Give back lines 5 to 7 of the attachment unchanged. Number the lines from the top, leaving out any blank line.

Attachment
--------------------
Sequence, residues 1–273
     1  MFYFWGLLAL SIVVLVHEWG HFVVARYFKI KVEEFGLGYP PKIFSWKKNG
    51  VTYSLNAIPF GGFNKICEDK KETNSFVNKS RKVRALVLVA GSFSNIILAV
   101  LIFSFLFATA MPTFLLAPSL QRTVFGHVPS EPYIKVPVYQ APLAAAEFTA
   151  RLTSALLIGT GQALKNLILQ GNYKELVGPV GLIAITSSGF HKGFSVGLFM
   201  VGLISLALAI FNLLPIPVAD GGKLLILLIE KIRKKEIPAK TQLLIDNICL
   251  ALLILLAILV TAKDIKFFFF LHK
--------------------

   151  RLTSALLIGT GQALKNLILQ GNYKELVGPV GLIAITSSGF HKGFSVGLFM
   201  VGLISLALAI FNLLPIPVAD GGKLLILLIE KIRKKEIPAK TQLLIDNICL
   251  ALLILLAILV TAKDIKFFFF LHK